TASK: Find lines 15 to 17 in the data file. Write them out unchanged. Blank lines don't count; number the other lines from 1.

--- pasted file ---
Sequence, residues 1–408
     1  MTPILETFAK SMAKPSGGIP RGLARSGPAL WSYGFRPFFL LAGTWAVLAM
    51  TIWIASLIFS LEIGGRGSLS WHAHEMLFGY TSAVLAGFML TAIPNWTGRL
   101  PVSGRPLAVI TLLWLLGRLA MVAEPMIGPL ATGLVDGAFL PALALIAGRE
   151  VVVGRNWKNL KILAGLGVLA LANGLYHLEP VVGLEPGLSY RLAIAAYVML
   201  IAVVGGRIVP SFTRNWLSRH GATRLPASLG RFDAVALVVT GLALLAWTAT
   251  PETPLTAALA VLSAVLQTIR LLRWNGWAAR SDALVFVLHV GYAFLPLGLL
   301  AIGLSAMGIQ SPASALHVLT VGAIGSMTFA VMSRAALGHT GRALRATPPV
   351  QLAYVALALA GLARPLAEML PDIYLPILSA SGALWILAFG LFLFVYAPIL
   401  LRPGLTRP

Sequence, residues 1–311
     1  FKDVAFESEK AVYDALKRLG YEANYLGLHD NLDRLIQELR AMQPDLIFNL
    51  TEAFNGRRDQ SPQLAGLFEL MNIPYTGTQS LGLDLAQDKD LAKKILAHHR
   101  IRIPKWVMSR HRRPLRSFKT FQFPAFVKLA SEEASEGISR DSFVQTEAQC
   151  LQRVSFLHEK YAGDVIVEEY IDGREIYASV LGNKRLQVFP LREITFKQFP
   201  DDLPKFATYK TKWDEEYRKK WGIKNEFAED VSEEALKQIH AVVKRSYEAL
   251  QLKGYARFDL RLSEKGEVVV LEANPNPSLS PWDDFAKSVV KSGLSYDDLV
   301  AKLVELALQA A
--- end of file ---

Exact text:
   151  LQRVSFLHEK YAGDVIVEEY IDGREIYASV LGNKRLQVFP LREITFKQFP
   201  DDLPKFATYK TKWDEEYRKK WGIKNEFAED VSEEALKQIH AVVKRSYEAL
   251  QLKGYARFDL RLSEKGEVVV LEANPNPSLS PWDDFAKSVV KSGLSYDDLV